The screen is adjustable for height by simply twirling two huge knobs on its front face to unlock it, moving it by hand and retightening the knobs. I left it at its lowest setting throughout the test, which I found very comfortable, with no buffeting.
However, Herself complained of excessive wind-blast when she rode it and we both experienced unusually loud wind noise, so a little experimentation on your Versys may be called for.
We also left the suspension on the factory's median settings, except for a one extra turn on the remote on-the-fly preload adjustment, to allow for my 110kg.
Set like that the suspension was firm but beautifully damped, with very supple initial travel. It gave me a rough ride on our bumpy test section but without ever jarring me out of the saddle - except for the two worst dips when both ends bottomed out, which is normal on anything except a motocrosser.
The seating position is perfect, leaning just a little forward with the rider's weight evenly distributed between seat, bars and 'pegs, and the seat itself is very comfortable indeed - broad, flat and deeply padded - making the Versys a genuine thousand-kays-a-day bike, a superb light tourer.
Handling is almost as good; a slight wallow on poor surfaces could probably be tuned out at the expense of some of that suppleness, and the big Kawasaki is impressive on our smooth ride-and-handling section, averaging 140km/h where 120 is good for anything other than a superbike.
It is what it, a big four-cylinder sports bike with high 'bars and insectoid styling. It has no pretensions to “dual-purpose” except the fashionable bodywork, it's a road bike pure and simple, capable of enormous distances in all-day comfort at very high point-to-point averages.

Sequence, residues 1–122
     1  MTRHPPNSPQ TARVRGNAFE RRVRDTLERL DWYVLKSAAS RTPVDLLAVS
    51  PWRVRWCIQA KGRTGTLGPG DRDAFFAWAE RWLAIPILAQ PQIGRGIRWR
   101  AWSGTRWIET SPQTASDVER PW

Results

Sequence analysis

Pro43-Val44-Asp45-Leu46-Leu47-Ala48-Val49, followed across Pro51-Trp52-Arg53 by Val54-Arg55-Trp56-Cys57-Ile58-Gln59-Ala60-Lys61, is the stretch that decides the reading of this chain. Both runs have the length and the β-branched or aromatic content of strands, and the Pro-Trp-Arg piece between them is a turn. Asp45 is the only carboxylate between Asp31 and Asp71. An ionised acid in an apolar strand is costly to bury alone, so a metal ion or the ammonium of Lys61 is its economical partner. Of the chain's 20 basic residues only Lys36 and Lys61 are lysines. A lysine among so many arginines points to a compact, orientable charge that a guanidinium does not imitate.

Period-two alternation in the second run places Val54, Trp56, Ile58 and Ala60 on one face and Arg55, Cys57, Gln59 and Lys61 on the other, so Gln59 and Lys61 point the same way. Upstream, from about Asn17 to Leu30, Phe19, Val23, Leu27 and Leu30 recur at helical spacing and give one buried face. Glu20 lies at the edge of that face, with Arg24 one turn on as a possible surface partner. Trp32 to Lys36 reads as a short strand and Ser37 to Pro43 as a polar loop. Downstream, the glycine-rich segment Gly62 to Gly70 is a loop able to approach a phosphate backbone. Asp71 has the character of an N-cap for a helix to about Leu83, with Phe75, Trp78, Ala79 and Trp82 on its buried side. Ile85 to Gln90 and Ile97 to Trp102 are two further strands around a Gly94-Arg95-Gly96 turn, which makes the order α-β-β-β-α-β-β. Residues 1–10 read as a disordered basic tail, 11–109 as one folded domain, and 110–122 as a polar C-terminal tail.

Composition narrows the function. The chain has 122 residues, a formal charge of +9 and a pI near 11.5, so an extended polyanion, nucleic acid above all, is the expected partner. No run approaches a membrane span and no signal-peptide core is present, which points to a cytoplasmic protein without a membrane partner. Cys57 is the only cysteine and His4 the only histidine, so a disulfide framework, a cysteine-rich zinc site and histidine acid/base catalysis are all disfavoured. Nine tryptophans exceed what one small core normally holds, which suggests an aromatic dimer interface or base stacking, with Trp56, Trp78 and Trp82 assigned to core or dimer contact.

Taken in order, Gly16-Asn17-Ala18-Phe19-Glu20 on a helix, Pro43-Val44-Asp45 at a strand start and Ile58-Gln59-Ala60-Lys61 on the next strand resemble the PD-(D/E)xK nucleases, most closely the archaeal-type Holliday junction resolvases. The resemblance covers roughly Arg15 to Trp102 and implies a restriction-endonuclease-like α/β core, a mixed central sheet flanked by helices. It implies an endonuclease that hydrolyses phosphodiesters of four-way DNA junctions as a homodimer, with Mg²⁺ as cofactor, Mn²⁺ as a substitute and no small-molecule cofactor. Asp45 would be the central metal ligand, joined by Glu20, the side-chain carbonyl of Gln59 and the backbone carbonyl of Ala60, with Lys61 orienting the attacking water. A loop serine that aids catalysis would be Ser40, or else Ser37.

It'll take you to work and back in style all week, but it's also ready to kick loose when you are. We called the 650 Versys the Great Escaper - this one will lift your weekend breakaway to the next level.
Price: R139 995
Bike from: Mike Hopkins Motorcycles, Cape Town.
Engine:1043c liquid-cooled transverse four.
Bore x stroke:77 x 56mm.
Valvegear: DOHC with four overhead valves per cylinder.
Power:86.8kW at 9000rpm.
Torque:102Nm at 7700rpm.
Induction: Digital electronic fuel-injection with four 38mm oval Keihin throttle bodies.
Ignition: Digital electronic.
Clutch: Cable-operated multiplate wet clutch.
Transmission: Six-speed constant-mesh gearbox with final drive by chain.
Front Suspension:43mm KYB inverted cartridge forks with adjustable for preload and rebound damping.
Rear Suspension: Horizontal back-link with gas-charged monoshock adjustable for preload and rebound damping.
Front brakes: Dual 300mm petal disks with Tokico four-pot opposed-piston callipers and ABS.
Rear brake:250mm petal disc with single-piston floating calliper and ABS.
Front tyre:120/70 - 17 tubeless.
Rear tyre:180/55 - 17 tubeless.
Fuel tank:21 litres.
Top speed(measured): 227km/h.
Fuel consumption(measured): 6.6 litres per 100km
Price: R135 995.
Bike from: Mike Hopkins Motorcycles, Cape Town.